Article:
It is a stark reality for many individuals; they take a look at their garage, storage shed or attic and come to the realization that they simply have too much stuff to make any sense of it all. For many, this serves as the ultimate wakeup call for them to start the cleaning process so they can once again regain the valuable space that has been over taken by clutter for way too long. When such a substantial task is required, individuals and businesses alike can no longer rely on the curb-side service they use to rid themselves of the normal trash they accumulate in a week. As a result of this rising need in North America, privately and publicly owned trash companies have arisen across the United States and Canada to appeal to consumers who are increasingly looking for a company that can provide them with large-scale trash removal services. What companies operate in this space, and what opportunities do they provide for investors looking for an investment in the trash removal industry?
The Canadian waste management market was reported to be a $2.9 billion industry in 1998. To further enhance these numbers, it was reported that 69 percent of the revenue was spent on privately owned waste management companies. This was a 7 percent increase from 1996 numbers. Although these figures may not fully depict the waste management market today, with the population of Ontario rising from 10.75 million in 1996, to 12.16 million in 2006, of which 5.4 million lived in the city of Toronto, it is easy to predict where the demand for waste management is heading.
Waste Management Canada is a branch of the U.S. based Waste Management (WM), the top provider of waste management services in North America today. The company charges between $340 and $459 for trash storage and disposal, which takes into account one or two metric tons of trash, depending on the size of the dumpster rented. This pricing is largely attributed to the wide service area that Waste Management covers, which reportedly includes nine Canadian provinces and over 4.5 million customers. This vast expansion has played a significant role in its share price experiencing significant volatility in the last two years as it has seen its value rise to nearly reach $40 in April of 2011, but subsequently saw a steep decline to around $28 in August of 2011.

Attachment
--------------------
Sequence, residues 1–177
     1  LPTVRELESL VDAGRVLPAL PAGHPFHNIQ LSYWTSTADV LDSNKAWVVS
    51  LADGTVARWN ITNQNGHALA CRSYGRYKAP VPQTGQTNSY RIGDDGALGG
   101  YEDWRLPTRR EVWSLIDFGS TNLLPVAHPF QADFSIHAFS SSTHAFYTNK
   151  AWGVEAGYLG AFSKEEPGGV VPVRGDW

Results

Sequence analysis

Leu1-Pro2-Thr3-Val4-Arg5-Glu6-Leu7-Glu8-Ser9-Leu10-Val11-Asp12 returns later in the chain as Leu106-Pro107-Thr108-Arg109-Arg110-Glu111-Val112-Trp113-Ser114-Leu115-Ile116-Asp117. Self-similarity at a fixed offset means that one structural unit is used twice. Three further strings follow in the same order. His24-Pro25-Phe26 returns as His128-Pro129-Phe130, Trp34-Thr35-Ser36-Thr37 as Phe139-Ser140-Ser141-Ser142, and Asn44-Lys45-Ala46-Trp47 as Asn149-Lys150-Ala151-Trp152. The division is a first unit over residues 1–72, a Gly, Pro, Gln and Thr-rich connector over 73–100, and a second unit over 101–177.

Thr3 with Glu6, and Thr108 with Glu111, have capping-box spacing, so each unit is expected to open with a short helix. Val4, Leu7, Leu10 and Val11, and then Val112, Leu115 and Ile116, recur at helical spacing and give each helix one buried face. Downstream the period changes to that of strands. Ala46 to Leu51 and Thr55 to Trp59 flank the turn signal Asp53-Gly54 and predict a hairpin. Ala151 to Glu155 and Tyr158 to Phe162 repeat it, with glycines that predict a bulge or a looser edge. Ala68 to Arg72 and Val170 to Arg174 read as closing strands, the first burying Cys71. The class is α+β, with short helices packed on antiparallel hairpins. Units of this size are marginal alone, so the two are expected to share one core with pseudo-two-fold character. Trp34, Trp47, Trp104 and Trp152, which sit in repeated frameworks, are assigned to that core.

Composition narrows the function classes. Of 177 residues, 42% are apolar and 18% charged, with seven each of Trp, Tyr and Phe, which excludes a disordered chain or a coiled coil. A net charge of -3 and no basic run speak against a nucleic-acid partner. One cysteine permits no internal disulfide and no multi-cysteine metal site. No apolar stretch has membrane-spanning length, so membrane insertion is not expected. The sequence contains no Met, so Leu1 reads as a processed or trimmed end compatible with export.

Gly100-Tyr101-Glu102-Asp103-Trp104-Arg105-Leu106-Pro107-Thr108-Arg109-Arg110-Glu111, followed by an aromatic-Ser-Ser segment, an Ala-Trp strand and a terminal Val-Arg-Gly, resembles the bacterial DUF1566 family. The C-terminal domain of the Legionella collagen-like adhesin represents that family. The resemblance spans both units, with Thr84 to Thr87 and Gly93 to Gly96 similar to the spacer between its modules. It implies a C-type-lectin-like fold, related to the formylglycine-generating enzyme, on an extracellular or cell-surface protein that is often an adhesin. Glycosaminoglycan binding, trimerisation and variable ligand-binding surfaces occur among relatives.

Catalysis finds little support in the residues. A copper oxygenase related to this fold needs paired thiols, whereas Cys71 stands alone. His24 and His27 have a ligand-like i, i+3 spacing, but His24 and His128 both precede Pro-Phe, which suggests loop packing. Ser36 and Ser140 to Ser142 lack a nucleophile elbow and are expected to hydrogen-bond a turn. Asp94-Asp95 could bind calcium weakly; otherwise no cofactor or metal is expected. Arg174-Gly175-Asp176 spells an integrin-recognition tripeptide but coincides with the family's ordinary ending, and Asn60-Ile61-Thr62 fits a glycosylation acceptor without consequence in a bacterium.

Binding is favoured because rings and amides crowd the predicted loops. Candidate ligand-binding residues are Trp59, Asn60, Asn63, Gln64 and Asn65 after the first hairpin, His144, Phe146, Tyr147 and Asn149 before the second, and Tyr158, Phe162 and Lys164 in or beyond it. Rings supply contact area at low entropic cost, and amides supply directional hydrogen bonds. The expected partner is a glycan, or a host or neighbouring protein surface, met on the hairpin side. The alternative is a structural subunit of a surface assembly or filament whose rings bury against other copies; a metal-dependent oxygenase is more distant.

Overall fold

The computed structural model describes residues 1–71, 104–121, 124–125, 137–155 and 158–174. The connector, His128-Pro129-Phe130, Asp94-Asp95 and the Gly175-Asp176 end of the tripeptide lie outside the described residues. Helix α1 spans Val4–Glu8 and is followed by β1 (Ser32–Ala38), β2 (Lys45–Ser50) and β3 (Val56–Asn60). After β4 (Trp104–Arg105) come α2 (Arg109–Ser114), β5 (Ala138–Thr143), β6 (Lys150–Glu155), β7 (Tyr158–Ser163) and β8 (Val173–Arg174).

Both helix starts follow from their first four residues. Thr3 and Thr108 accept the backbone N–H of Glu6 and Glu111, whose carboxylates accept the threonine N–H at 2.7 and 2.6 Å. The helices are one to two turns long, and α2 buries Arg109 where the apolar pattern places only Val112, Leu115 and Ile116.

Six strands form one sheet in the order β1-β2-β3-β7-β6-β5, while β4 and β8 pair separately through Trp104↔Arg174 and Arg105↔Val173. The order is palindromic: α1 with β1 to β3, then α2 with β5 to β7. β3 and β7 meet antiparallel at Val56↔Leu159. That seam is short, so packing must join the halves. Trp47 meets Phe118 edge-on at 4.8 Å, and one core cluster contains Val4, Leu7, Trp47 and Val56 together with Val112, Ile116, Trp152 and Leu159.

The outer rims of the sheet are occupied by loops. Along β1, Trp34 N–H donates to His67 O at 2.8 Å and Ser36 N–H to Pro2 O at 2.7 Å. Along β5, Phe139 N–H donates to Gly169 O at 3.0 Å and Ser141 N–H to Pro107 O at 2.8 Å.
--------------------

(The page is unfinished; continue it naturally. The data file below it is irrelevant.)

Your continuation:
Waste Management reported revenue of $3.46 billion in the second quarter of 2012, a 3.4% increase over revenue of $3.35 reported during the same quarter of 2011. But, Waste Management did see a decline in its net income per diluted share from the second quarter of 2011 to this previous quarter, from $.50 to $.45, respectively. This was primarily due to a $26 million charge for restructuring and $6 million charge for a Teamsters pension plan partial withdrawl.
Casella Waste Management (CWST) and Republic Services (RSG) currently service only U.S.-based customers, despite Toronto's proximity to the upstate New York market. Casella is also dealing with inconsistent earnings reports as it tries to shed the pessimism surrounding its first-quarter 2012 losses that reached nearly $38 million. Meanwhile, Republic has seen consistent positive earnings statements, which in the last quarter reached $387 million. This rise resulted in its share price climbing out of its 52-week low of around $25 in July, to reach nearly $29 per share at the end of August.
As a whole, the province of Ontario accounted for 38.7 percent of Canada's total population in 2009. Junk It, a private trash removal company, is poised to capture part of this heavily populated area. With this significant market share in its backyard, Junk It has strategically narrowed its focus. This will not only give Junk It an increased exposure in a profitable area, but will also keep its overhead expenses low. Beyond its narrowed focus, what makes Junk It unique from its other large-scale competitors is its pricing and wide range of services that go well beyond providing a dumpster and trash hauling services. Junk It offers a wide range of do-it-yourself trash bins, which range in price from $184 to $204, plus a $99 per metric ton of trash removed, but also offers professional services to remove the junk and clean the area for the customer, which range in price from $89 to $489 depending on the amount of trash that needs to be removed. Junk it not only provides less-expensive trash hauling services than its main competitor, Waste Management, but it has also positioned itself to appeal to more businesses and individuals, with its full-service options that may continue to increase in demand if Canada is able to rebound from its poor July job figures.
It may be a safe bet that for a majority of Canadians, who reportedly spend an average of 36.4 hours per week at work, hauling out large amounts of trash is not on their top 10 list of favorite things to do.
Although there have been initiatives put into place in the Toronto area for limiting the amount of waste, it was still anticipated that in 2011, a single landfill that services Toronto would still receive approximately 793,000 tons of garbage for the year. This is but a snapshot of the overall production of garbage and recycling that is produced across the province. Given that the human population will continue to grow, the substantial share of the waste management market that Waste Management Canada and private companies currently serve should be seen by investors as a huge growth catalyst.